“I’m still kind of pinching myself,” says Miel de Botton on the line from her home in London, keen to discuss her forthcoming debut, Magnetic, whilst offering insights to circumstances that both instigated and hindered its making.
Indeed the Swiss-born philanthropist would be the first to concede that while the double album realizes her life’s abiding passion — to craft and interpret music for the masses, to sing intimately personal songs that reflect universalities of the heart, particularly French chansons she first heard as a child that continue to resonate with her as an adult — it does so as a result of much self-scrutiny and reflection.
Raised in relative affluence, coming of age amid the implicit (and sometimes overt) expectations of scholastic and professional accomplishment, particularly those of her father — Gilbert de Botton, who died at age 65 in 2000, was a venerable financier and fine art benefactor — she wavered between his wishes and her own ambitions. She studied law at Oxford, later worked as a clinical psychologist in Paris. As she entered her forties, having married and divorced while raising two young children, de Botton ultimately decided to pursue her artistic promise in earnest.
Produced by Andy Wright (whose credentials include works by Duran Duran, Simple Minds, and the Eurythmics), Magnetic is whimsical in some moments, solemn in others, and altogether inspired throughout.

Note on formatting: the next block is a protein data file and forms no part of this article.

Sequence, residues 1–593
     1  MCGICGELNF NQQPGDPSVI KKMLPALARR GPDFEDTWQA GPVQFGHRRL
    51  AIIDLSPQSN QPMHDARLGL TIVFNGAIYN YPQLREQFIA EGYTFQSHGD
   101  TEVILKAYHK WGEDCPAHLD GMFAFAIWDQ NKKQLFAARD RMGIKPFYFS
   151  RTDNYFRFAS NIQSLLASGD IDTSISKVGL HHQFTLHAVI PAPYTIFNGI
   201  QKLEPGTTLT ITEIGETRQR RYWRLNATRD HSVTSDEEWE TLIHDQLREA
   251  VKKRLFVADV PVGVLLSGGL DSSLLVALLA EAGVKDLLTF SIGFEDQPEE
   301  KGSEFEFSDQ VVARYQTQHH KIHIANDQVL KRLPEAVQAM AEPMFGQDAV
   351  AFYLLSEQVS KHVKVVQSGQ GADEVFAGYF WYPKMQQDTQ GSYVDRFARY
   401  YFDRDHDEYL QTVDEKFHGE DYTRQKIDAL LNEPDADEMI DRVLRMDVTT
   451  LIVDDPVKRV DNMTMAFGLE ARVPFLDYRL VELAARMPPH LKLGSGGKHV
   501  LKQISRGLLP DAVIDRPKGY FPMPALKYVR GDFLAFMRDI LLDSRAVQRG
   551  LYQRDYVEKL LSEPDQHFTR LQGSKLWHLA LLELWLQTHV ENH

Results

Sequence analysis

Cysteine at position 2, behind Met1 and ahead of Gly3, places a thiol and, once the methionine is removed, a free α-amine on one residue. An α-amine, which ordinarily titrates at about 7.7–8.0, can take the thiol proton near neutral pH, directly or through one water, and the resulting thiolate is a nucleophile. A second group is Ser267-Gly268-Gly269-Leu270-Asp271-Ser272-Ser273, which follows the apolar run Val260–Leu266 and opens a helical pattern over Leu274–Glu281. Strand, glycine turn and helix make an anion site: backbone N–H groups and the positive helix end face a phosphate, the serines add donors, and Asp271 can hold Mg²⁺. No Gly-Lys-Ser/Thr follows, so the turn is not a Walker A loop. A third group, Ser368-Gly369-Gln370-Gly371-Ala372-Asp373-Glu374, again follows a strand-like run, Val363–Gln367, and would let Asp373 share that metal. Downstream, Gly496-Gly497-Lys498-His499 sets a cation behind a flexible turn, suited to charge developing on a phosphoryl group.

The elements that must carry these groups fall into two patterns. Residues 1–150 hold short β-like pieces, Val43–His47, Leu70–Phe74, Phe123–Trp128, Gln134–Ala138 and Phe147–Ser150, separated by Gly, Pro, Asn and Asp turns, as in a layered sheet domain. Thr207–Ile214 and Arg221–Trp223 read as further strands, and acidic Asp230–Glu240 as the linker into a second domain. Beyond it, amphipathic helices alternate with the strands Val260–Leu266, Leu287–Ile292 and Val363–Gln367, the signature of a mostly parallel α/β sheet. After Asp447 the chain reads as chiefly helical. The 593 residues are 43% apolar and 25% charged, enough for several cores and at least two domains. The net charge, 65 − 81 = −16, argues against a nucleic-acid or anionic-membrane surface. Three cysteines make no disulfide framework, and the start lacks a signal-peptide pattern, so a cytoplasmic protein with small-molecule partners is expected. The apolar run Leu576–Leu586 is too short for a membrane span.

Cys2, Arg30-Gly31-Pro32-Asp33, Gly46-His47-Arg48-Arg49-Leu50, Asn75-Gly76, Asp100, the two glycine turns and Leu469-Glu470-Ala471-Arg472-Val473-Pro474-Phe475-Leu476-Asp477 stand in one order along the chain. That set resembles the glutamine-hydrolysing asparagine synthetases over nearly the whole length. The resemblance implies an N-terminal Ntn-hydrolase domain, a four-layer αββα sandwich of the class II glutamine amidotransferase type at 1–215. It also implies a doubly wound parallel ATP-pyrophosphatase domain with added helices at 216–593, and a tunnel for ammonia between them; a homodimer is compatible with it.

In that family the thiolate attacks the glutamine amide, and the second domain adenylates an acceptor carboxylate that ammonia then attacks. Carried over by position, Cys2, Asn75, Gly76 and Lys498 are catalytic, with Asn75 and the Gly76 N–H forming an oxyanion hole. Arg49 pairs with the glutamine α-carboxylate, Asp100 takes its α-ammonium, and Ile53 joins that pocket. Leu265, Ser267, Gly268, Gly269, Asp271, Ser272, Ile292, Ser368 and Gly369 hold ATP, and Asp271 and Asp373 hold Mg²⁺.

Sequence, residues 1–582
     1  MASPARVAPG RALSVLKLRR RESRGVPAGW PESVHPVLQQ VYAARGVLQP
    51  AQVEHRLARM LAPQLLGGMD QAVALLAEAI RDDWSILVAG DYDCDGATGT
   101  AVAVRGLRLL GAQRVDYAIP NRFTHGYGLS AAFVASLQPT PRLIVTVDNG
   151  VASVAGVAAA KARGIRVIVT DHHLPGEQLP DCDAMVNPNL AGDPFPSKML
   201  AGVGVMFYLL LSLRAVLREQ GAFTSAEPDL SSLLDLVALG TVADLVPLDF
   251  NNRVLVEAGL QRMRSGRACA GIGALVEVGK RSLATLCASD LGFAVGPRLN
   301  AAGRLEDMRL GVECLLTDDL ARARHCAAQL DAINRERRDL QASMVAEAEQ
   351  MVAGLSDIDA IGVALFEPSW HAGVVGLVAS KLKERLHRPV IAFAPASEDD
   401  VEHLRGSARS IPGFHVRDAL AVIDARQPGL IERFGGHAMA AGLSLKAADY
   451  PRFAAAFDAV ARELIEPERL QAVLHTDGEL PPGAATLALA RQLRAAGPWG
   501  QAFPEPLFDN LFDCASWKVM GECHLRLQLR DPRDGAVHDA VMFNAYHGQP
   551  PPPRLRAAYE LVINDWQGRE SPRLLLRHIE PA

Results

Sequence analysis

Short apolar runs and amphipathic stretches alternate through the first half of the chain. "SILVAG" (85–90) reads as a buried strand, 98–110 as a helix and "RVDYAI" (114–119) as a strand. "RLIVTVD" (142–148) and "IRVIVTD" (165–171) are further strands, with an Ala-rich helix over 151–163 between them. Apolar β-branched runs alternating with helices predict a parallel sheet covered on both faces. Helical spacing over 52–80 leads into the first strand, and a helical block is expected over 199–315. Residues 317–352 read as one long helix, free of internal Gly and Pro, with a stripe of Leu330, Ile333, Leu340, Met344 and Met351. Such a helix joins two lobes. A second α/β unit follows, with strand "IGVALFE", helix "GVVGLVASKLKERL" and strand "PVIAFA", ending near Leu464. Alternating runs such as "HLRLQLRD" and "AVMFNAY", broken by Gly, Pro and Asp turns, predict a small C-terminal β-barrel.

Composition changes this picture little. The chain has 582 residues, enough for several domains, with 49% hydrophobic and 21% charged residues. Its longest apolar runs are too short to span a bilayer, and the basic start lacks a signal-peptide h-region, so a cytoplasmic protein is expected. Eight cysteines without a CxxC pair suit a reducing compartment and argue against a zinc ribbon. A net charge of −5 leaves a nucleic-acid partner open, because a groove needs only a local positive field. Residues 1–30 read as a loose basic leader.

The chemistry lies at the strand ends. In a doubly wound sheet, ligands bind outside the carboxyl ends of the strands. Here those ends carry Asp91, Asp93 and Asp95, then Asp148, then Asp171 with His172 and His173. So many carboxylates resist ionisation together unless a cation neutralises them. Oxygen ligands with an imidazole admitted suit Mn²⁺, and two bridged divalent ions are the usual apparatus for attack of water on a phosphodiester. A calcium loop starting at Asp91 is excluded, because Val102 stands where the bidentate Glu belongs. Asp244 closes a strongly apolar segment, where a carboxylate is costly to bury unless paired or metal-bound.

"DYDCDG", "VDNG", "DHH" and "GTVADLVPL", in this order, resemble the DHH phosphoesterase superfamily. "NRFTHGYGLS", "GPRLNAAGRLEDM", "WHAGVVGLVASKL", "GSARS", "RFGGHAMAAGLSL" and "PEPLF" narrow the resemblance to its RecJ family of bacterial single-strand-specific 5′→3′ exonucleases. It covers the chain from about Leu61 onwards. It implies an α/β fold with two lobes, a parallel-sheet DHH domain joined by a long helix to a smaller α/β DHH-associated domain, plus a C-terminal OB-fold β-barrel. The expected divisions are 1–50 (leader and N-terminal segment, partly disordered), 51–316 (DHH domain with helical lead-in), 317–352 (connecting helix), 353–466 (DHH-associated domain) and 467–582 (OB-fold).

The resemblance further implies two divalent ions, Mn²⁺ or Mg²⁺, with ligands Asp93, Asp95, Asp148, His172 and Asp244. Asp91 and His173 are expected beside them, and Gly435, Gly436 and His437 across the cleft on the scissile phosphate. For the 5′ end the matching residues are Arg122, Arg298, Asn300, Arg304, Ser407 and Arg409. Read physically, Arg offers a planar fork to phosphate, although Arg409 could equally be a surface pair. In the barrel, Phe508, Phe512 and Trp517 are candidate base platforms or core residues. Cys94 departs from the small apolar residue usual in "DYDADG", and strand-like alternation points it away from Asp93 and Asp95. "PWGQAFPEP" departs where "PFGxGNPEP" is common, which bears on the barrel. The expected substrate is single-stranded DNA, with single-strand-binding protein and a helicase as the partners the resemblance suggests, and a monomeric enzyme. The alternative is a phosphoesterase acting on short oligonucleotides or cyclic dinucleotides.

Was there some sort of realization that your passion was translatable as talent? Most people reach a point where they recognize that they can’t go any further than their passion.
It’s interesting. It did take a long time, and I think that time was actually beneficial to me because it was a time of maturing. Then suddenly things did seem to all line up and doors were opening. I had a lot of enthusiasm and passion and … I had a beneficial environment, I guess, that I’m very grateful for. I wish it for the maximum number of people out there, but I can’t fully explain why me at this stage because I’ve myself got a sense of wonder about it.
How did you connect with Andy Wright?
That was one in a series of coincidences which were, I think, quite magical. I was working with a band before and I couldn’t find a producer who was giving me a reasonable offer. I asked this lady, who’s my healer, and I was just chatting to her and I said, “I’m really having trouble.” She said, “Why don’t you come to this event next week. I think this producer, Andy Wright, might be there.” So I looked him up, and I thought, My God, this guy is the real deal. So, yes, I met him there, and his first question was, “Are you incredibly ambitious?” And I said, “Why, yes sir!” [Laughs]
The chemistry between you two in the studio has been good?